5 Reasons Why You Need Medical Evacuation Coverage

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GlobalRescue_Nepal-1200x800.jpg

Global Rescue team in Nepal.


When my father-in-law contracted Legionnaires Disease in Estonia a few years ago – the first case on record in that country -- he was rushed in a coma to a Soviet-era hospital. His wife called their travel insurance company – they had coverage for their extensive travels in Eastern Europe -- and asked them to fly him home to Chicago.

But the travel insurance company refused. They had made good to cover his transportation to the “nearest, best medical facility” – a distance of one mile from the hotel. That’s what the coverage allowed.

Chicago?

Yes, they could arrange a medical flight -- for about $70,000.


Whether you’re into adventure travel, a frequent business traveler or heading off on a summer vacation, accidents can happen, and sometimes they require medical care and assistance in getting home. But if you rely on your own health coverage or travel insurance to take care of you, you might be in for a big surprise. So to clear the air, here are five reasons you probably want to get medical evacuation coverage.


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Patient being placed on a medical flight.


Medical evacuation coverage is not travel insurance.

Travel insurance protects travelers from financial loss resulting from cancelled trips, lost baggage, medical expenses and some medical evacuation expenses. The medical evacuation policies underwritten by travel insurers usually only pays for transport to the nearest appropriate medical facility, as in the case of my father-in-law. In other words, it’s the company’s decision where you will go.

True medical evacuation coverage is not insurance at all. It’s a service used to deliver a traveler to life-saving care that may not be available at the traveler’s location. It’s a membership, not a policy, and sold separately by a handful of companies like Global Rescue and MedjetAssist.

Buy it and you’re entitled to a medical evacuation, which means that you will be transported on a medical flight from a hospital that’s typically at least 100 miles or so away from your home to the hospital of your choice via a private air ambulance. At its most basic, it covers the cost of transporting you in an ambulance to the aircraft, the flight, and then on to another ambulance to the home hospital. Most good medical evacuation memberships also offer bedside deployment, case management and access to physicians who speak your language.


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A Global Rescue team in Haiti.


No matter how good your health insurance is, you need medical evacuation coverage

Health insurance covers your medical bills. But if you break a leg while hiking in the Alps, have a heart attack in the Seychelles or encounter a debilitating illness in Southeast Asia, don’t count on your health insurance company to send a Lear Jet ambulance to pick you up and bring you home.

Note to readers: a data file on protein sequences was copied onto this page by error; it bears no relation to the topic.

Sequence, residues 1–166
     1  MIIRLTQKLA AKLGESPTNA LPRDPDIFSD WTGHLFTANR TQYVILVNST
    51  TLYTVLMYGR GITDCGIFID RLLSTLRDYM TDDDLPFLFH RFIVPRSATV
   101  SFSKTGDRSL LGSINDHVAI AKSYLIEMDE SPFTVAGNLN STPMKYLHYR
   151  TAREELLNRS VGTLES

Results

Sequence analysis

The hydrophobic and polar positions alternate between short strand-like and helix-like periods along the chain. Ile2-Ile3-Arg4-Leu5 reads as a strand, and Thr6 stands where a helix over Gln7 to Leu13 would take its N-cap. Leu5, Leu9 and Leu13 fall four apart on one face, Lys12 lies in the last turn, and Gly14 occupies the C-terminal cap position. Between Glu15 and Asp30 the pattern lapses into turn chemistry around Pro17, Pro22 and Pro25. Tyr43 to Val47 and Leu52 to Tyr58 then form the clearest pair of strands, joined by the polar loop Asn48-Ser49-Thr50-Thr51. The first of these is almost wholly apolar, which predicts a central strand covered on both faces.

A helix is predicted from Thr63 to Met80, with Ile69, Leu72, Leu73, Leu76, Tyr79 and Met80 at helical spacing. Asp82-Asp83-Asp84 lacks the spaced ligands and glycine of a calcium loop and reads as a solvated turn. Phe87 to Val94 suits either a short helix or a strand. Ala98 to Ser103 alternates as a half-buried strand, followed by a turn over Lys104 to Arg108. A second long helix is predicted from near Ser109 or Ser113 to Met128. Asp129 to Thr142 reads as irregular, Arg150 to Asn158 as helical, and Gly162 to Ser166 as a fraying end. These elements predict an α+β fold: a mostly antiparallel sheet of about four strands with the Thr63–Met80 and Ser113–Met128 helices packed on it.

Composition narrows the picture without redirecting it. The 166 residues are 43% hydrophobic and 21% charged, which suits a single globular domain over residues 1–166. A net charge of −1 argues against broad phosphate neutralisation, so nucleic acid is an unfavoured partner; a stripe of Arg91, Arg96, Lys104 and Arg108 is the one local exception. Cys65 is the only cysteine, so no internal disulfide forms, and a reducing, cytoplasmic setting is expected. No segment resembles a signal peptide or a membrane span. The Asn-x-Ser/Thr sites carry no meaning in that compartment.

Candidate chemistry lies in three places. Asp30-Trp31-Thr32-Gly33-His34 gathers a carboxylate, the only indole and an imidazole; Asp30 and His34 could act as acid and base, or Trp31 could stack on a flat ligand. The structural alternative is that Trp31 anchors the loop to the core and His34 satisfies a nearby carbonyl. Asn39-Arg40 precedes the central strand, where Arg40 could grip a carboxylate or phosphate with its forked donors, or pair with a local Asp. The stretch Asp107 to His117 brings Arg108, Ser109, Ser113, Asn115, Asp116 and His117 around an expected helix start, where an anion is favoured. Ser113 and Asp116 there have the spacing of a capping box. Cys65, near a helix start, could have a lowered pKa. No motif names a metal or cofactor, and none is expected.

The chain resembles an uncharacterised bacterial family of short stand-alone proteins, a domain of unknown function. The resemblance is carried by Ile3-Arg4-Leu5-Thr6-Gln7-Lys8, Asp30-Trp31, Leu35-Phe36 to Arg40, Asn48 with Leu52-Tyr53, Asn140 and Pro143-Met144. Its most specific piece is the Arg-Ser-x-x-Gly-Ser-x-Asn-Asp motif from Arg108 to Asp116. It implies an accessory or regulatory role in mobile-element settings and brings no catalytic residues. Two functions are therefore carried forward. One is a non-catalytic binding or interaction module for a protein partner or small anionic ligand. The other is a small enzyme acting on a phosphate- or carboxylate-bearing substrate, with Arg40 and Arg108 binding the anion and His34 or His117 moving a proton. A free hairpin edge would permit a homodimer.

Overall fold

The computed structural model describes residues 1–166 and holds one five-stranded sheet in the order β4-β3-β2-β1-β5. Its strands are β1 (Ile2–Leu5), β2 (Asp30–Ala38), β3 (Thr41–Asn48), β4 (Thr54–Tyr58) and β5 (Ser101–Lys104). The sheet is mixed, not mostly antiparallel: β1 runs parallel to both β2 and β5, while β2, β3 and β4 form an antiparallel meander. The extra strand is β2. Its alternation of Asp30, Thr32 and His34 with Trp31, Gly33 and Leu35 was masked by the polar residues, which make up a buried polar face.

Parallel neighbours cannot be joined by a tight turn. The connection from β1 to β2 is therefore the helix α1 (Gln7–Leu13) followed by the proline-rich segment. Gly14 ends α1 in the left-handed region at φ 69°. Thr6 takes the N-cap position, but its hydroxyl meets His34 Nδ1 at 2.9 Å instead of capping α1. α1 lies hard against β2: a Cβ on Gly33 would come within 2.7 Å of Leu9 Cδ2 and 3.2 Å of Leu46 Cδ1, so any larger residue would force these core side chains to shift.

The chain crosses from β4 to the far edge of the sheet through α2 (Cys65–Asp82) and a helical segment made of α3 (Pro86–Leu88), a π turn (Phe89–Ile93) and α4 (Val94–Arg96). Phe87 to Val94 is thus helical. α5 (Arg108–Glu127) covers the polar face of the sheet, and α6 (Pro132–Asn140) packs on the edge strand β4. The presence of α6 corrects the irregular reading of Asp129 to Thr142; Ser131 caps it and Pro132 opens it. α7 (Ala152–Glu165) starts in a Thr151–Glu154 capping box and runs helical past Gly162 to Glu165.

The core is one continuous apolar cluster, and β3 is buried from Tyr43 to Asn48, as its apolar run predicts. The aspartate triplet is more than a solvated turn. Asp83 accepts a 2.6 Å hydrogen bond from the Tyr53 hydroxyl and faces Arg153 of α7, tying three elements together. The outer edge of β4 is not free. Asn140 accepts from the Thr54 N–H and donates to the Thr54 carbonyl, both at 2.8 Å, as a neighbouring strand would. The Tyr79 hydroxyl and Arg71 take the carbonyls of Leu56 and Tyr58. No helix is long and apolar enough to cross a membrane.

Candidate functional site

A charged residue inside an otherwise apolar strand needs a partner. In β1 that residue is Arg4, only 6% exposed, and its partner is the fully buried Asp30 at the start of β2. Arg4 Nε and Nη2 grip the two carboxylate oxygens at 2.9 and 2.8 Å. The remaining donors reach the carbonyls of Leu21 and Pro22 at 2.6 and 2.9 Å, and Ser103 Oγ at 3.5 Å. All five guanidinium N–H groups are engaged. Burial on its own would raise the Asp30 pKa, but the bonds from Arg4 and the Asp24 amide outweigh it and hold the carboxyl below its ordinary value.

True medical evacuation coverage will cover the costs of transport should you need to be evacuated, and bring you back into your network of physicians, family and friends. What it will not cover is your medical expenses, such as a hospital stay, emergency room charges, doctor visits or medication. You’re responsible for those, either via your own medical insurance, travel medical insurance or your own pocket.

Your credit card won’t bail you out.

Your credit cards may offer some type of coverage, but none offer the kind of coverage available from a bona fide medical evacuation membership. Some may offer “nearest appropriate medical coverage,” but it’s up to you to arrange all the details yourself.

The best medical evacuation coverage offers medical advice physicians and access to specialists from a medical center if you need it. They can deploy personnel to your bedside. True medical evacuation coverage includes coordination of all details of your transport home.


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A rescue in the Alps.


Even if you only travel in the United States, it’s still worth it.

A travel emergency in the US can be as life-threatening as any sustained abroad. For many of these companies, about half their rescues occur in the United States. We’re not taking rock climbers and heli-skiers here, though they can certainly get coverage. It’s car accidents and heart attacks that rank high on every company’s list.

It’s short money.

Maybe you’re a skier, a sailor or a hunter, or find yourself going places where “remote” defines the destination. A medical evacuation can result in catastrophic expenses incurred by you and your family. Medical evacuation and transport costs typically start at $25,000 and can exceed $250,000, depending upon where you are on the globe.

There’s little question that statistically better outcomes occur when patients are treated in care environments close to their support networks of family and friends. Without medical evacuation coverage domestically, patients are often forced to recover, sometimes for weeks or months, far from home.

That's exactly what happened to my father-in-law. Five weeks later, weakened and barely on the road to recovery, he returned home on a commercial flight after a long, scary and potentially deadly stay in Estonia.



Source: https://www.forbes.com/sites/everet...eed-medical-evacuation-coverage/#622d263c4153
 

sierraone

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Hopefully you will never need it, but it sure makes you feel better knowing you have it. Had it on recent hunt trip to South Africa, and will have it again if I return!
 

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